Outline for April 28, 1997
- Greetings and Felicitations
- Public Key Ciphers
- 2 keys, public k and private p;
public key published, private key kept secret
- given k, computationally infeasible to compute p;
- immune to chosen plaintext attack (as adversary can generate any
amount of ciphertext);
- given C and k, computationally infeasible to find M
- Show confidentiality, authenticity; emphasize integrity is by-product
of authenticity, except that one needs to keep the order of blocks correct
- Some ciphers do confidentiality and authenticity, others do only one
- Do RSA
- Exponentiation cipher: C = m mod n,
M = Cd mod n;
d is private key, (e, n) is public key;
must choose d first,
then e so that ed mod PHI(n) = 1.
- Why? as ed mod PHI(n) = 1,
ed = tPHI(n) + 1
for some integer t. Then
Cd mod n =
(Me mod n)d mod n
= Med mod n
= MtPHI(n) + 1 mod n
= M(MtPHI(n) mod n) mod n
= M(MPHI(n) mod n)t mod n
= M(1)t mod n
= M mod n
by Fermat's Little Theorem
- Example: p = 5, q = 7, n = 35, f(n) = 24; choose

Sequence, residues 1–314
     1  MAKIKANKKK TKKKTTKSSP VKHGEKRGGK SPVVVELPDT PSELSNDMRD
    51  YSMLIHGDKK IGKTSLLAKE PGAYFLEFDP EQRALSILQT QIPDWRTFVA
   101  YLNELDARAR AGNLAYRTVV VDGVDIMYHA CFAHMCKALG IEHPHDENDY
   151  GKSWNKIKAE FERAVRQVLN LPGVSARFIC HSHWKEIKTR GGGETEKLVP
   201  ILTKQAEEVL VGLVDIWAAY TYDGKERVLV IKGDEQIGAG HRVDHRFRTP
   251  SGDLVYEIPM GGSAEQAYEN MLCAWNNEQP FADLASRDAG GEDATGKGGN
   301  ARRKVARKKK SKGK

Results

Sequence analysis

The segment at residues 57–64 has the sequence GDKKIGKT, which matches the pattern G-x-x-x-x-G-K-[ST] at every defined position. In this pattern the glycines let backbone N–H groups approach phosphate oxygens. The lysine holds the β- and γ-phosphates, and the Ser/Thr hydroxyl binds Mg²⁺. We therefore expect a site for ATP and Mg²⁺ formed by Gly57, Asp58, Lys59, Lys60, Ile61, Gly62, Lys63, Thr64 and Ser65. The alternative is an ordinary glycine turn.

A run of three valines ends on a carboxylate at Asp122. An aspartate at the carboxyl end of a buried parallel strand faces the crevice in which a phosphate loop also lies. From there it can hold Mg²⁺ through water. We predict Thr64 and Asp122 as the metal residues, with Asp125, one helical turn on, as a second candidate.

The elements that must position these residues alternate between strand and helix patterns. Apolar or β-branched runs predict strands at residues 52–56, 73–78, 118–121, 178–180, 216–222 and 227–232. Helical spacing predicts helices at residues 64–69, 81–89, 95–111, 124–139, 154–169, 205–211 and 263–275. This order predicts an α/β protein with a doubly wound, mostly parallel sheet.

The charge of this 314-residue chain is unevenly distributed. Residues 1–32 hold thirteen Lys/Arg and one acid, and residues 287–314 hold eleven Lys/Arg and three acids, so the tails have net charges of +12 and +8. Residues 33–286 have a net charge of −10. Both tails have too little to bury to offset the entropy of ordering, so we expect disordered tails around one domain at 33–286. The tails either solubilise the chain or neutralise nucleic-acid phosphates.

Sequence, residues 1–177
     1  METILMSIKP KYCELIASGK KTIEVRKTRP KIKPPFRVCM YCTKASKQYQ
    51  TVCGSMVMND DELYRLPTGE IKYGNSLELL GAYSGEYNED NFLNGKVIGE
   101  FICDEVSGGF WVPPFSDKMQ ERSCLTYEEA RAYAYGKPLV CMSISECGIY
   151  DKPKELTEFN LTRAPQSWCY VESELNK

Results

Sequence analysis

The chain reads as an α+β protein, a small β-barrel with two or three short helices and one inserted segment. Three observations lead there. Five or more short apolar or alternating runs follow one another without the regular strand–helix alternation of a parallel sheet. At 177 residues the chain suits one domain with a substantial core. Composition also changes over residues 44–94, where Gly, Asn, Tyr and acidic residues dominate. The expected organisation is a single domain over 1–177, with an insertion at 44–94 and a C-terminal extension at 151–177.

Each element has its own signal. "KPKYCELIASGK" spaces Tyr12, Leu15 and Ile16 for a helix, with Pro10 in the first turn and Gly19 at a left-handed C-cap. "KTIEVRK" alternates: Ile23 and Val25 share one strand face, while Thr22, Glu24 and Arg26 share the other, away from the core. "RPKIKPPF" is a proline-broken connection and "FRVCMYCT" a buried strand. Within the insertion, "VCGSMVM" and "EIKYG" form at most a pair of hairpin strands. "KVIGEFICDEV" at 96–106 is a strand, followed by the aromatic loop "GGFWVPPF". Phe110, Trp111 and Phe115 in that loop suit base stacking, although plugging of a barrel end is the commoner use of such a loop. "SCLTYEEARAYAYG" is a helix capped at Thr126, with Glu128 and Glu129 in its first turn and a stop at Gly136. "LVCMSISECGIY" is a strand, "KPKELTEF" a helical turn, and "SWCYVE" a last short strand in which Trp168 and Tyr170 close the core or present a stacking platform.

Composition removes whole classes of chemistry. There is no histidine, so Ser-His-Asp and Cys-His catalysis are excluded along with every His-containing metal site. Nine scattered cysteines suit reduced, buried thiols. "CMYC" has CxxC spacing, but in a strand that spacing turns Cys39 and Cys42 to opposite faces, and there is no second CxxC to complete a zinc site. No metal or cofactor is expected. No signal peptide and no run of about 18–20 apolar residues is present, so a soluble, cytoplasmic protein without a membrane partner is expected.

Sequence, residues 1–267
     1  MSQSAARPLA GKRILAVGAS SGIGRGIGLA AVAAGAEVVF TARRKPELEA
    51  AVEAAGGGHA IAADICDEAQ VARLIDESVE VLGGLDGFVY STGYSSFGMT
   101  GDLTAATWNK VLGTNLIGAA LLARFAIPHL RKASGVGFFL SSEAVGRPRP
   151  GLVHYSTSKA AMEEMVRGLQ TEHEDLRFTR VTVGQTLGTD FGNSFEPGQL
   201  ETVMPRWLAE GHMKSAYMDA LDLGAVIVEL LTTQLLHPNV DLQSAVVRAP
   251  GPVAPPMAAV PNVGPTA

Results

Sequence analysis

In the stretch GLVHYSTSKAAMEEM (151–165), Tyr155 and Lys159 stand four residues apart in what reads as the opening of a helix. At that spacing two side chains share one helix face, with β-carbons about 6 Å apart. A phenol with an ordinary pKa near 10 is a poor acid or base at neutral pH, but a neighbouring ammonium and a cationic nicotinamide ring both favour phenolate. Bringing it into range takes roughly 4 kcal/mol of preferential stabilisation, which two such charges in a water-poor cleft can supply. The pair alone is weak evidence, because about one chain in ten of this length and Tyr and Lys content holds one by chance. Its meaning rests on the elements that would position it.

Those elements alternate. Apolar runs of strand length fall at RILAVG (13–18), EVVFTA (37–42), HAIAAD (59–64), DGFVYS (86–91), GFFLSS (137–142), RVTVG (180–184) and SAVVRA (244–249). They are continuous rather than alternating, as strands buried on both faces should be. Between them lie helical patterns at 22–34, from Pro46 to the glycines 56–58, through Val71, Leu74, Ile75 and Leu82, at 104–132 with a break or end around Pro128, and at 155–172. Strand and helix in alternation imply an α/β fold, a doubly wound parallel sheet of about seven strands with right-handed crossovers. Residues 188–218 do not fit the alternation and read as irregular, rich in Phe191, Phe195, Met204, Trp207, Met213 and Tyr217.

e = 11, then d = 11.
HELLO WORLD is
07 04 11 11 14 22 14 17 11 03;
enciphering is C = 0711 mod 35 = 28, etc.
so encipherment is 28 09 16 16 14 08 14 33 16 12.
- Do Knapsack
- Problem: Given a positive integer C and a vector A =
(a1, ..., an) of positive integers,
find a subset of the elements
of A that sum to C; that is, find a binary vector M =
(m1, ..., mn)
such that C = AM. This is NP-complete.
- If A is superincreasing (that is, ai >
a1 + ... + ai-1),
this is linear time. Such knapsacks are called simple knapsacks.
- Key: pick a superincreasing knapsack and make it look like an
ordinary one; ordinary one here is called trapdoor knapsack.
- To do: pick simple knapsack
A' = (a1', ..., an') and
some integer u with u > 2an'.
Then pick w such that (w, u) = 1.
Compute w-1 such that
w-1w mod u = 1.
The trapdoor knapsack elements are
ai = wai' mod u.
- Given C, determining M such that C = AM is
intended to be computationally infeasible; but knowing w-1
C' = w-1C mod u
= w-1AM mod u
= w-1(wA')M mod u
= A'M mod u = A'M.
- Example: A' = (1, 3, 5, 10), u = 20, w = 7; then
w-1 = 3 and
A = (7x1 mod 20, 7x3 mod 20, 7x5 mod 20, 7x10 mod 20) = (7, 1, 15, 10)
If M = 13 = (1, 1, 0, 1) [13 in binary is 1101],
C = (7, 1, 15, 10)*(1, 1, 0, 1) = 18. Deciphering:
C' = w-1C mod u = 3x18 mod 20 = 14;
then solving for M in the obvious way gives
14 = (1, 3, 5, 10)*(1, 1, 0, 1) or 13.
Notes by Doug Johnson:
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Department of Computer Science
University of California at Davis
Davis, CA 95616-8562
Page last modified on 4/4/97